RedBuds – Why we notice them and other reasons they’re a top landscape choice

One of the first trees I taught my son about was the RedBud. At just three years old, he would shout ‘RedBud!’ each time we passed them along the side of the road. I’m not sure, but as he graduates from college, I’m pretty sure he still does this (maybe not out loud, but these things stick with you).

RedBuds stay with you, too. That’s because they’re native to Indiana, which means they’re comfortable in our climate, hardy and reliable. I like to think of them as a quiet, humble and friendly tree—one that has its place and doesn’t need to demand care and attention. It’s content thriving in our soil and adapting to most every situation.

Here’s why you can’t go wrong with a RedBud:

They’re Interesting in Every Season

There are trees and shrubs that have a blaze of glory in spring, summer or fall only to fizzle in the remaining months. And that’s ok, especially if you plant other trees and plants around them that shine in the alternate seasons. I’m a big believer in this kind of layering so you always have interesting colors, shapes, blooms and textures in your outdoor space.

But RedBuds are one of those trees that bring beauty to every season. I’m pretty partial—as most of us are—to RedBud’s spring phase, when its profuse, small sweet pea-shaped blooms line graceful branches, tiny twigs, even the main trunk in lavender-pink to a blush purple. Their rich, saturated color really pops against the stark early-spring landscape, which makes them easy to spot in yards, along roads (RedBud!), even deep in mostly leafless early-spring wooded areas.

The RedBud’s leaves are large and heart-shaped and vary in color from bright chartreuse to a range of yellows and greens. In fall, the large leaves transition to a bright showy yellow. And even in winter, I love the RedBud’s dark leafless branches for their shape and silhouette, especially against the backdrop of a light-colored house or garage.

They’re Flexible

Some trees are so specialized, they make the perfect choice for a particular situation, say a fast-growing green screen or a tiny, flowering and fragrant specimen for a smaller spot near a window. And then there are trees that are voted most likely to be perfect in virtually any spot. I kid, but really, RedBuds are nice throughout your lawn/yard, I love them in groups, smaller varieties work well in borders and as foundational plantings and larger versions (still only 15-30 feet at their largest) make really good choices for shade around patios and porches.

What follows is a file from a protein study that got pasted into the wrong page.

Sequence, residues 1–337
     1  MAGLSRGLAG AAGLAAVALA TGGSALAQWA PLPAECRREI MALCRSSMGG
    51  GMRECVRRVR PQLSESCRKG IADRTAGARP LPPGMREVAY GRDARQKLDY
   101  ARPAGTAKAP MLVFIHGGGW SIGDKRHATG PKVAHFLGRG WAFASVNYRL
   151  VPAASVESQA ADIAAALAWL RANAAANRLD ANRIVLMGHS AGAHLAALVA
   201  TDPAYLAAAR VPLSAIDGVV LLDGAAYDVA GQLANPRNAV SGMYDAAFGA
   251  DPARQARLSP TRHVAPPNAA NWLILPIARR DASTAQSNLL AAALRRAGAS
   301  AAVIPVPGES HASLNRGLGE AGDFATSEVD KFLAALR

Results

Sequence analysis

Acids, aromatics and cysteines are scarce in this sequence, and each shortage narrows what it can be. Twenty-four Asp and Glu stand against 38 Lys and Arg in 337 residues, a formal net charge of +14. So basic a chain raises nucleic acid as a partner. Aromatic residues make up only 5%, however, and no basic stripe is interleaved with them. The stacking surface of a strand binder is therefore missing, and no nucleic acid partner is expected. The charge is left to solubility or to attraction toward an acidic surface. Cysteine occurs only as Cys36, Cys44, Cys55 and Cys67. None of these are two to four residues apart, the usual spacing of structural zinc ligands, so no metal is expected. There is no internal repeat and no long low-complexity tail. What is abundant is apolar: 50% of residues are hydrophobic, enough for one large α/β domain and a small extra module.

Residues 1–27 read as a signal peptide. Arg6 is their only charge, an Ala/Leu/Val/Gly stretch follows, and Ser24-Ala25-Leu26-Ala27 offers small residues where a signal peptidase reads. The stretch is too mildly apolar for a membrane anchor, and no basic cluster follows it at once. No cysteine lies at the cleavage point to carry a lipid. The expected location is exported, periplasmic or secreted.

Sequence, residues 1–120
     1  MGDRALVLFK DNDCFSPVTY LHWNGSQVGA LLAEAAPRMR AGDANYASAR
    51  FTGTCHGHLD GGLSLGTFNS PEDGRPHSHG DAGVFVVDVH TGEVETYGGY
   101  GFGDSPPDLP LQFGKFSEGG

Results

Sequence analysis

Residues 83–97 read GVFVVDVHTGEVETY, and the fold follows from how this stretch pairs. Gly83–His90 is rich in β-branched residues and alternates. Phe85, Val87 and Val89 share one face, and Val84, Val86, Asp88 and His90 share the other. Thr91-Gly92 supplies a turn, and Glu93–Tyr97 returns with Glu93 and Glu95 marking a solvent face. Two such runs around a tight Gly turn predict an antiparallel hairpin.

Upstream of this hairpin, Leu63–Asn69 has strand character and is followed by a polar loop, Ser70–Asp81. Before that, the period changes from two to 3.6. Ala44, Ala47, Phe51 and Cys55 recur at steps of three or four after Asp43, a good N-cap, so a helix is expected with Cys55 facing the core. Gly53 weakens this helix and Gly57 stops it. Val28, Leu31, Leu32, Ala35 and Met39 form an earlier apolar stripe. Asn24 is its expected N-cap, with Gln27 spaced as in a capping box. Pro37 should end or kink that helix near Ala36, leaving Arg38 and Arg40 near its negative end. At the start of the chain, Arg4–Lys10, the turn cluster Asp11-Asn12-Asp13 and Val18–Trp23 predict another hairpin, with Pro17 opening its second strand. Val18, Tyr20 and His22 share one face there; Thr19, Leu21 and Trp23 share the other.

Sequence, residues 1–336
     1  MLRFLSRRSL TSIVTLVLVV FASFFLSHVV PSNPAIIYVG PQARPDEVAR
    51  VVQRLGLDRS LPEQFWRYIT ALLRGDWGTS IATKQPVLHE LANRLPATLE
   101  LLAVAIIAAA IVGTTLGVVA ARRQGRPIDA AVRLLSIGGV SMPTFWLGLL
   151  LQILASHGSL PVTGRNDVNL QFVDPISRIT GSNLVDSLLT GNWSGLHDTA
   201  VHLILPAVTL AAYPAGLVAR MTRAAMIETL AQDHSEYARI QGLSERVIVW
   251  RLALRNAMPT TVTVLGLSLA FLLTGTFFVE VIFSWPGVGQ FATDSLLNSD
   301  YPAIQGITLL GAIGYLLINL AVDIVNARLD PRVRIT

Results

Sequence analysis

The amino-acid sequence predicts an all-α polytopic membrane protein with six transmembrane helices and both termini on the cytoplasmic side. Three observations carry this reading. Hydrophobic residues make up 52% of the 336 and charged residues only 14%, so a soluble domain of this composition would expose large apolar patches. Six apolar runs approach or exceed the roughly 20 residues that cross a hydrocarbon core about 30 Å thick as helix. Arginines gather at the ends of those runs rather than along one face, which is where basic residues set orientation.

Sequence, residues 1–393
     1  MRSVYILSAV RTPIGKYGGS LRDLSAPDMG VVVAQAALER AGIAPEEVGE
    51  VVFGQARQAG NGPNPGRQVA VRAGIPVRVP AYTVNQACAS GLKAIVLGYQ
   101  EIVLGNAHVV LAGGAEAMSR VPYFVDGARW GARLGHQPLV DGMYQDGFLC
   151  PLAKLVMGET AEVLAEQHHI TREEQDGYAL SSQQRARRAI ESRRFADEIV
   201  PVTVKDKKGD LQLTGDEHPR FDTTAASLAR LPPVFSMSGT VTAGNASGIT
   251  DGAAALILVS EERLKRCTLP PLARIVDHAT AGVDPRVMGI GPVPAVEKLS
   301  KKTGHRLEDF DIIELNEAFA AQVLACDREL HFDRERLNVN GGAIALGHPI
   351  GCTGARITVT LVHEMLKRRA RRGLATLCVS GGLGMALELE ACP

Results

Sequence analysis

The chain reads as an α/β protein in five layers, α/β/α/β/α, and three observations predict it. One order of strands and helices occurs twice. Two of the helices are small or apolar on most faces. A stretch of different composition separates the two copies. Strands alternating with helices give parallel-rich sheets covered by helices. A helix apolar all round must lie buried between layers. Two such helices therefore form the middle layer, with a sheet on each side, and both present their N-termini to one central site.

I’ve planted them in natural wooded areas on customers’ properties and, being native to Indiana, they really thrive and add interest.

There are different varieties with different qualities. A few that we like are:

They’re First on the Spring Scene

Maybe this is why I think RedBud and immediately think ‘friendly.’ These guys break the spell of winter and give us hope of something other than ice and snow. They make an appearance anywhere from March to May, signaling spring, attracting birds and catching our eye.

RedBuds are familiar, reliable and approachably beautiful, like the tree world’s girl/boy-next-door—the tree next door. They’re always there, you trust their ability to make your world better and more beautiful, they’re low-maintenance, never intimidating and if they were gone, we would miss them dearly.


 

Start a RedBud tradition of your own. I know I never see one without thinking of my son. Trees really are for life.

3 responses to “Redbud! Redbud!”

  1. Gwyn D Borcherding says:

    Do you carry Rising Sun redbud? Do you have any in stock suitable for planting yet this fall? We are on the west side of Indianapolis.

  2. Rhonda Johnson says:

    I’ve always had mine trimmed in the fall. Is that wrong? It’s very healthy but needs trimmed soon. The original limbs were trimmed about 7 yrs ago which caused about 3 new branches to come out on each limb. Should it be trimmed back to the original limb or just above the new beaches? This is a 50 yr old tree that stands about 30 feet. Tall. Thanks for your help.

    • karen thacker says:

      The best time to prune redbud is in the spring just after the flowers have finished. You can prune it in late winter while it is still dormant and before it starts to bloom but you will be removing some of the blooms. You can prune any dead limbs anytime.

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